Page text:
The Panama Rail Road & the Panama Canal:
John Stevens ushered in what was to be known on the Isthmus as the Railroad Era.
Whereas Ferdinand de Lesseps had failed to see the project as fundamentally a railroad problem and neglected to send a single railroad specialist to Panama, Stevens never saw it as anything other than that, and he recruited railroad men only.
Stevens saw at once, as the French had not, that the Panama Railroad was the lifeline along which not only men, food, supplies, everything needed to sustain the work, would have to move freely and efficiently, but the dirt trains as well. He also saw that there was no sense in working with anything less than the biggest, heaviest equipment possible. The French equipment was generally too small, too light for the size of the task.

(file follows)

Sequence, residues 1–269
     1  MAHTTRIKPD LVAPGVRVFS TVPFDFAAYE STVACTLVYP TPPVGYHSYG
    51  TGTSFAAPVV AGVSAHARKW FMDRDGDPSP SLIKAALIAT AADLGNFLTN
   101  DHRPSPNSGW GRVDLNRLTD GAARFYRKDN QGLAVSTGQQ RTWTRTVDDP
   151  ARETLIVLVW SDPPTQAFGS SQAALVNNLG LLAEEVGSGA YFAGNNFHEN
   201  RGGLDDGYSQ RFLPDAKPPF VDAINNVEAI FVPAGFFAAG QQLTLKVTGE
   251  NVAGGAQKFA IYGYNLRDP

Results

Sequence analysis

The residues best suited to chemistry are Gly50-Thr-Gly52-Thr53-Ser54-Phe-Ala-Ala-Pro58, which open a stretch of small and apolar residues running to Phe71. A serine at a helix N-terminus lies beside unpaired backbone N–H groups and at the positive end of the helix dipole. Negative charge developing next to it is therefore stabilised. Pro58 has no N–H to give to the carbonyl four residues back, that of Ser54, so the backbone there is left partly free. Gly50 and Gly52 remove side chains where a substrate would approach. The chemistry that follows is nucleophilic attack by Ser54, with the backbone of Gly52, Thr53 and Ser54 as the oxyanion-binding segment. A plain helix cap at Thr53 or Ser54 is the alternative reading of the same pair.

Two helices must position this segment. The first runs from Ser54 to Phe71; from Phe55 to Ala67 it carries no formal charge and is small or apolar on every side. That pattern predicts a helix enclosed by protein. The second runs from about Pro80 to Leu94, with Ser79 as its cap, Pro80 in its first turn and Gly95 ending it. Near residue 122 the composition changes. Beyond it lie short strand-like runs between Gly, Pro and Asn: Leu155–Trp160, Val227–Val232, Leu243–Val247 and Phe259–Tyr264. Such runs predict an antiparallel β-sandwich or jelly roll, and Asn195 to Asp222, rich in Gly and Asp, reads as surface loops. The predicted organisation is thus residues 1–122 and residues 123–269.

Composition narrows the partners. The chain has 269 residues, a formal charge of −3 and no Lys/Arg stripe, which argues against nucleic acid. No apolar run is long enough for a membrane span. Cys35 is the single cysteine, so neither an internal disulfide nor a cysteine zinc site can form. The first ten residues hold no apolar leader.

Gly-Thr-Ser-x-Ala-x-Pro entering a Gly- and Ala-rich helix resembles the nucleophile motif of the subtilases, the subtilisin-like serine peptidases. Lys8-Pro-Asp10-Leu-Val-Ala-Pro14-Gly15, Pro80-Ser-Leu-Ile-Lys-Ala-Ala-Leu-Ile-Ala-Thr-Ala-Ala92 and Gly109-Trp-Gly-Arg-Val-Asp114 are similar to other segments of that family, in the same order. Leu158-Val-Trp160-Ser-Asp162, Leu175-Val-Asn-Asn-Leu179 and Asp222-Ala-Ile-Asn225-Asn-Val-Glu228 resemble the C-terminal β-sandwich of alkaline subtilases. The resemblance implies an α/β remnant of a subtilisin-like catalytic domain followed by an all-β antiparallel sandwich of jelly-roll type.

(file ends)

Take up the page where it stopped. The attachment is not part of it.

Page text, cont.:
French "Decauville" Dump Car (1889-1910) 2/3 cu. yd. capacity
The track itself, to begin with, was too light. So within a year the line was completely overhauled and double-tracked with heavier rails. Bridges were strengthened, signals and sidings were improved upon, equipment was rehabilitated or replaced. A new telegraph and telephone system was installed, using old rails for poles. Warehouses and repair shops were built and enormous locomotive sheds were put up at Matachin. Orders were placed for freight cars, dump cars, refrigerator cars, and more than a hundred locomotives.
To run the line an entirely new force was brought in-- yard and train masters, superintendents, dispatchers, master mechanics, and what Stevens described as "an army of conductors, engineers, and switchmen."